Today’s International District southeast of downtown Seattle is a far cry from the race riot-ravaged neighborhood of the 1880s. Its streets are no longer battlefields of white mobs and Chinese immigrants, but the boundaries of a unified, colorful, bustling district celebrating Seattle’s Asian influence. It is one of the city’s oldest and most visited neighborhoods.
The 1800s saw an immense disparity between the quality of lives of Chinese laborers and white settlers. When the economic recession hit in the mid-1880s, Asian immigrants who had been brought to help build the city received the brunt of white resentment arising from the lack of available jobs. Anti-immigration regulation plugged the influx of foreign workers, and many already inhabiting the district were evicted.
The city’s Asian population began rebounding in the 1930s, and Chinatown and Japan Town were established soon after. Once a humble plot of land, the International District now covers an area of approximately 30 street blocks. It is bordered by Fifth Avenue to the west, Boren and Rainier Avenues to the east, South Dearborn Street to the south, and South Main Street to the north. Inhabitants include people of Chinese, Japanese, Korean, Thai, Vietnamese, Cambodian, Laotian, Taiwanese, Filipino, and Burmese descent. The neighborhood is also home to smaller percentages of Caucasians, Hispanics, and African Americans.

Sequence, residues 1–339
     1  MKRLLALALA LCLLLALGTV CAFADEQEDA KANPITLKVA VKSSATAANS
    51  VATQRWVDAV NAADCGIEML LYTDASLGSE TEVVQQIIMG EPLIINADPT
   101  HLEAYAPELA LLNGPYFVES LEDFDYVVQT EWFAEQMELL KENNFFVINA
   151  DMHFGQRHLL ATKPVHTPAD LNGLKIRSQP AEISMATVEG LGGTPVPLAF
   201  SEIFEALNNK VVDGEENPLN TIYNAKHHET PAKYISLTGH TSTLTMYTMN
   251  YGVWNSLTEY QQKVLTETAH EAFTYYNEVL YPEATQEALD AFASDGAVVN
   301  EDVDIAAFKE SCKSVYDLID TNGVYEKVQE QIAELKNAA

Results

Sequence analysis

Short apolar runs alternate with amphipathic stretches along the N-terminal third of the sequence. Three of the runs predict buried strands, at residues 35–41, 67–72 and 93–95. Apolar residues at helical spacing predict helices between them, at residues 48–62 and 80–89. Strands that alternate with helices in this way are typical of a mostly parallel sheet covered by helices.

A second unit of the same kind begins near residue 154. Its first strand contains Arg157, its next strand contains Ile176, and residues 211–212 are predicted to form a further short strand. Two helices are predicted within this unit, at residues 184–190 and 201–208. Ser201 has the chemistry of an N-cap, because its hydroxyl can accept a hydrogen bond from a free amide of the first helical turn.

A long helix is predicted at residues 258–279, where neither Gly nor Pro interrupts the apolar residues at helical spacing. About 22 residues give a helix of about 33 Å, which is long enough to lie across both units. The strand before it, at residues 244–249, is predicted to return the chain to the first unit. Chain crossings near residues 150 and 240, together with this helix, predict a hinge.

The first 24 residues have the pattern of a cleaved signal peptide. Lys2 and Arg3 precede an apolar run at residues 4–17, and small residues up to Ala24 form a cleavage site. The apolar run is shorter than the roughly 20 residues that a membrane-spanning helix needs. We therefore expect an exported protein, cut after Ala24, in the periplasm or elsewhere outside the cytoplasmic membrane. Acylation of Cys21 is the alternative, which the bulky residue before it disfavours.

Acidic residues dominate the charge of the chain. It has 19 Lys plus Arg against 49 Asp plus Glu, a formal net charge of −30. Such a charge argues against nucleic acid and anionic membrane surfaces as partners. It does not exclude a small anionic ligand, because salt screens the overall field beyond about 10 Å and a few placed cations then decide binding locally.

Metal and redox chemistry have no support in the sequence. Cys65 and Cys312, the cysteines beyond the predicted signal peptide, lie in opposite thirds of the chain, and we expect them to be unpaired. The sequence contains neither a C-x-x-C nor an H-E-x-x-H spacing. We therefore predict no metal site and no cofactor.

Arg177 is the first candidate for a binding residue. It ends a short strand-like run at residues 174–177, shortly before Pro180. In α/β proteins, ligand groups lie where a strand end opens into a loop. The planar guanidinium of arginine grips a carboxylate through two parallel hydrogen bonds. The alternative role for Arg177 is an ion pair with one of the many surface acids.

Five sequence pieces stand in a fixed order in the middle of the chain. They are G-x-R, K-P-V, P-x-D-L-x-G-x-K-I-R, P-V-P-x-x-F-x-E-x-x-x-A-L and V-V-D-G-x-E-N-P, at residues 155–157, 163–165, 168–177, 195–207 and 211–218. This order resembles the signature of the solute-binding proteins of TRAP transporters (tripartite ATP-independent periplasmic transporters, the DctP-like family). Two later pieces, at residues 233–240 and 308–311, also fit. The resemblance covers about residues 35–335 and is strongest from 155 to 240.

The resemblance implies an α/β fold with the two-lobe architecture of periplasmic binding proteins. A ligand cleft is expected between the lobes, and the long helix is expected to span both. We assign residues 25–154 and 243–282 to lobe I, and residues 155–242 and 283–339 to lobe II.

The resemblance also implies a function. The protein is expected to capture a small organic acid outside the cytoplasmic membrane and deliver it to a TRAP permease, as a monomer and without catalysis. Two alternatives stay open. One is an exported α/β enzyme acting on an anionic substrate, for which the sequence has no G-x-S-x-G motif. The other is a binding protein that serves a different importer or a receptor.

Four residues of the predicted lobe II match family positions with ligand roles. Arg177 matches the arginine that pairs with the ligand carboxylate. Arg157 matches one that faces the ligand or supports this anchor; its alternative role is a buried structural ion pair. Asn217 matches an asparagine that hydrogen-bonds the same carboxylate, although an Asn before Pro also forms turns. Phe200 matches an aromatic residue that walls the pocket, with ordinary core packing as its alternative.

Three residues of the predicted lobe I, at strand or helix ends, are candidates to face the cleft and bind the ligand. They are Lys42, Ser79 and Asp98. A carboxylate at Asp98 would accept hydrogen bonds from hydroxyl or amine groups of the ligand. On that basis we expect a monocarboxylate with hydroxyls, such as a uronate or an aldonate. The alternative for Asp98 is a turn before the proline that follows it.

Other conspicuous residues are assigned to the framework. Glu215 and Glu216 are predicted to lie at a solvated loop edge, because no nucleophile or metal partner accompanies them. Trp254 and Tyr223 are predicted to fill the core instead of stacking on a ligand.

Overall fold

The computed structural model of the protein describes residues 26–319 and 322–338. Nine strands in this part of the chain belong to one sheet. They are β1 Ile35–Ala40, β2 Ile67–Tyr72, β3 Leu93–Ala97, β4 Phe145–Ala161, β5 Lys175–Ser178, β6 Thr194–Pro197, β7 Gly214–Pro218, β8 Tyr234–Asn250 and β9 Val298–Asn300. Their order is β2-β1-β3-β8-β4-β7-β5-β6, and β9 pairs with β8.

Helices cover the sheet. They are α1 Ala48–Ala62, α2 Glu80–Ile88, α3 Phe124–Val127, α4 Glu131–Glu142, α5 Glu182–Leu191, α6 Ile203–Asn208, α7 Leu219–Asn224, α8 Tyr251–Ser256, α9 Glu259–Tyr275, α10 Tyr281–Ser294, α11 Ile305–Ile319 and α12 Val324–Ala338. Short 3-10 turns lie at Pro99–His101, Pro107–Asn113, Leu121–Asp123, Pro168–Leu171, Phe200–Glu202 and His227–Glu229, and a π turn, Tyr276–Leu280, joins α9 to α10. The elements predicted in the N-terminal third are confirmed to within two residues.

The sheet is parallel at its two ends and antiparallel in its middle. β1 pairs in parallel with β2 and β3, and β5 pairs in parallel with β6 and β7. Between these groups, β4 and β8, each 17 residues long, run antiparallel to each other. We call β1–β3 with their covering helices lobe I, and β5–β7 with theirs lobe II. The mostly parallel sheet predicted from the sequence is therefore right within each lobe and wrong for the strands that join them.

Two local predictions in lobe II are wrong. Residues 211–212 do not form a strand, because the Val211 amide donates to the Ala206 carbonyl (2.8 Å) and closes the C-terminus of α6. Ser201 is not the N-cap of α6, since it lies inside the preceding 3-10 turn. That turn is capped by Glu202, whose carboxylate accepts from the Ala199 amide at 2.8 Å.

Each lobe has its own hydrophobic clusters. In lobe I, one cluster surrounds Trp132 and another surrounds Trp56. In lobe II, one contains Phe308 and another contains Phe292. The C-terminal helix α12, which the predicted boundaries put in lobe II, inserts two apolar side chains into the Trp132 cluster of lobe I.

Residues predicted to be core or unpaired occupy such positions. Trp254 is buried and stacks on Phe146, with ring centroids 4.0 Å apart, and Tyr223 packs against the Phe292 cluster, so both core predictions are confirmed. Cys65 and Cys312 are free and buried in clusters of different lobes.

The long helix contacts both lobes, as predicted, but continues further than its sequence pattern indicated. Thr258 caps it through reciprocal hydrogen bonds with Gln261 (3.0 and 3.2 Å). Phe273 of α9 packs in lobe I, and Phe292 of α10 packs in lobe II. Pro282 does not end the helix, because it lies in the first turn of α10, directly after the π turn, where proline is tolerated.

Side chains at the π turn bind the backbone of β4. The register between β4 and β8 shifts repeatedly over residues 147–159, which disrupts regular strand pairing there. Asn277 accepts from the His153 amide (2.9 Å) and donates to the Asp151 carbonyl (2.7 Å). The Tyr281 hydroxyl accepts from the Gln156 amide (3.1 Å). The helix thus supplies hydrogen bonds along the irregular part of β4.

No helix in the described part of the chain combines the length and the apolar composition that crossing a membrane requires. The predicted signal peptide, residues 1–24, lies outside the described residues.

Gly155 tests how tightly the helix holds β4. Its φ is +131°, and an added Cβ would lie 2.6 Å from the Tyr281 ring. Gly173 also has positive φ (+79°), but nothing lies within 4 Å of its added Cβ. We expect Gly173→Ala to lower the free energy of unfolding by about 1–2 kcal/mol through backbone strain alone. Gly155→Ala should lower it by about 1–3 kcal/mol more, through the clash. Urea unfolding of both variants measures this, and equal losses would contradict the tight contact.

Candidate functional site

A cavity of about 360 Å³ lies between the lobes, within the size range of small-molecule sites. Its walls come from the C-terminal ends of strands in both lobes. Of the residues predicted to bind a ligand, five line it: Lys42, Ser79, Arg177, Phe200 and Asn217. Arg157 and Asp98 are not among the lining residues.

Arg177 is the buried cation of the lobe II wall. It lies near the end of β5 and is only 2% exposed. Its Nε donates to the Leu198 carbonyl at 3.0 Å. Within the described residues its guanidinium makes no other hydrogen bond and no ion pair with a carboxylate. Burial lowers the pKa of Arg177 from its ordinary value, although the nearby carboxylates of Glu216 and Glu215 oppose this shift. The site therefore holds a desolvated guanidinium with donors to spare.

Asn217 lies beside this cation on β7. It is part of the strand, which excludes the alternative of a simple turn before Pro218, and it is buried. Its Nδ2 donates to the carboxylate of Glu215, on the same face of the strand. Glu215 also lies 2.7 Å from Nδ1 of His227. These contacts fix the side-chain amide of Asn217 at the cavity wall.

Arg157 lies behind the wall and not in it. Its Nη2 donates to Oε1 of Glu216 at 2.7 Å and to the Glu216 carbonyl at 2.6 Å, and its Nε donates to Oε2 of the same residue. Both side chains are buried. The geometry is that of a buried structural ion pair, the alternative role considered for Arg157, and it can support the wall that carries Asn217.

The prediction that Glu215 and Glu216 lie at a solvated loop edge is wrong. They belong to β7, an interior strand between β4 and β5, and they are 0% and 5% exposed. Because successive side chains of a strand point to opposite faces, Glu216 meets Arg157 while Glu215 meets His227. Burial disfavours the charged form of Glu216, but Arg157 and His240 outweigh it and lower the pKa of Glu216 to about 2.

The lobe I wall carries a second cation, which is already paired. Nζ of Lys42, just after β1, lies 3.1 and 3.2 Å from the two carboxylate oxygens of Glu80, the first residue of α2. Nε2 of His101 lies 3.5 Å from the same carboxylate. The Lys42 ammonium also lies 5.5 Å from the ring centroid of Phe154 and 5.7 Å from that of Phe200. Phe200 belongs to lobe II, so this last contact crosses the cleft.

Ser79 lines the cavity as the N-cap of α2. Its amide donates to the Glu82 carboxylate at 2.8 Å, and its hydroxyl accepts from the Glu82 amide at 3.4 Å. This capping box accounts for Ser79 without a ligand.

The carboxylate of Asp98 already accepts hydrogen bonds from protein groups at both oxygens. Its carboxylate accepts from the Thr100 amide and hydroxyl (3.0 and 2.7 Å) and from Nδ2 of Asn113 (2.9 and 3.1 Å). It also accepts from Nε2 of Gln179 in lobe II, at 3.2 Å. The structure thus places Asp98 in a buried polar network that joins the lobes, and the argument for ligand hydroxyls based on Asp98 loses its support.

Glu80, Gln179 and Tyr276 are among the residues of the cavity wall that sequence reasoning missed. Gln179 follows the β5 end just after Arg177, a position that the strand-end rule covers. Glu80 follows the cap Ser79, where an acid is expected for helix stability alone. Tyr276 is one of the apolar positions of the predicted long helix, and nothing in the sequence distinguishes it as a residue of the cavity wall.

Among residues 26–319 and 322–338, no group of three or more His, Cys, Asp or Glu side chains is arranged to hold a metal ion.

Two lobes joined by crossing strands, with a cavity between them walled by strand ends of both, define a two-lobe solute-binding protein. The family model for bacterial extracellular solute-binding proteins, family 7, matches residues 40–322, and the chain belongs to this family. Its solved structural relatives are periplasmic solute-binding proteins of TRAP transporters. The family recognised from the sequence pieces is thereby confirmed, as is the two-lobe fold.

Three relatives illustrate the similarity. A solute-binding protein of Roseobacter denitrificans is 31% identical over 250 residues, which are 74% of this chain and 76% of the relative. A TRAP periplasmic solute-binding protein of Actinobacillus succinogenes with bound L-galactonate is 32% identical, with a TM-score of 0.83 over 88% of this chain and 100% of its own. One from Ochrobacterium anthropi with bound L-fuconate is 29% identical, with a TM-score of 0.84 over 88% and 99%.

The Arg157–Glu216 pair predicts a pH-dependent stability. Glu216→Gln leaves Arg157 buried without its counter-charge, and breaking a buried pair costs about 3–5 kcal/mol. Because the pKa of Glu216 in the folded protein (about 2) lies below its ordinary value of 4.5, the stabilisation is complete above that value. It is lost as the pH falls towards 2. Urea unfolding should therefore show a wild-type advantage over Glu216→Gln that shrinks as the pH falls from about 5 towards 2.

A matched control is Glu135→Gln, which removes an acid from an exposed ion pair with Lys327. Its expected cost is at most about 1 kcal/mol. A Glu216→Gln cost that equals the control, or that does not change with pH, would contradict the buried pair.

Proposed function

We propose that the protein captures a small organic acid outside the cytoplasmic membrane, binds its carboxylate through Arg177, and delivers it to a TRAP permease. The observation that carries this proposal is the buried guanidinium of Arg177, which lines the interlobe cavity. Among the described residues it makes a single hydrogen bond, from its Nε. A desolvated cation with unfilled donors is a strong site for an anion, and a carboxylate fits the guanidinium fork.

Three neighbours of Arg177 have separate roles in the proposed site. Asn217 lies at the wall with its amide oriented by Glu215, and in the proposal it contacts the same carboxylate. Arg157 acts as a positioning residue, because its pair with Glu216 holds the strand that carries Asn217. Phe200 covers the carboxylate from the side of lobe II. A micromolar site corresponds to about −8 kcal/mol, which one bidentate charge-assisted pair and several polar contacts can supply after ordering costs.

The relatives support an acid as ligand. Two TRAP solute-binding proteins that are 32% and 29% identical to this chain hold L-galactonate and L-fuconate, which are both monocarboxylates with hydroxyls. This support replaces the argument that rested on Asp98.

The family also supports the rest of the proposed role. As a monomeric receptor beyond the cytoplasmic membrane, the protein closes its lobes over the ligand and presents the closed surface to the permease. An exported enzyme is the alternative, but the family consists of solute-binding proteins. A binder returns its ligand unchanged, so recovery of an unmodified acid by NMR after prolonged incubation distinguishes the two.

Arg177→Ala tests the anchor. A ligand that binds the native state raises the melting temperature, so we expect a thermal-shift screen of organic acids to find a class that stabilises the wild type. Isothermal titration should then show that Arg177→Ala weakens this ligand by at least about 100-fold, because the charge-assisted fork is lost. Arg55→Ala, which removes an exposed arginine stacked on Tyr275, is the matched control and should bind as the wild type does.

Ethnic grocery stores and specialty food markets like the popular Asian supermarket Uwajimaya offer a taste of Asian culture. Dim sum and bubble tea joints, August night markets, art galleries, and year-round festivals are the pulse of the district. Hing Hay Park is a brick-paved meeting area with a grand pavilion built in Taiwan, a gathering place for Tai-Chi practitioners and pensive chess players pondering their next moves. Giant red-and-yellow columns painted with dragonflies and carp stand like sentries between Little Saigon and Chinatown. Kobe Terrace, a public park located on the northeast edge of the district, is adorned with Mt. Fuji cherry trees, ground vines, and a four-ton, 200-year-old stone lantern from Kobe, Japan.
The neighborhood has held a Summer Festival every second weekend of July since 1975. It features arts and crafts booths, family activities, cultural dances, live music, and a karaoke competition. Those visiting in late January or early February can catch the annual Lunar New Year Celebration, in which ornately costumed dragon dancers march beneath strings of red paper lanterns while and adults and children throw firecrackers to ward off evil spirits.
Ninety-minute guided walking tours of Chinatown are offered Tuesday through Saturday all year.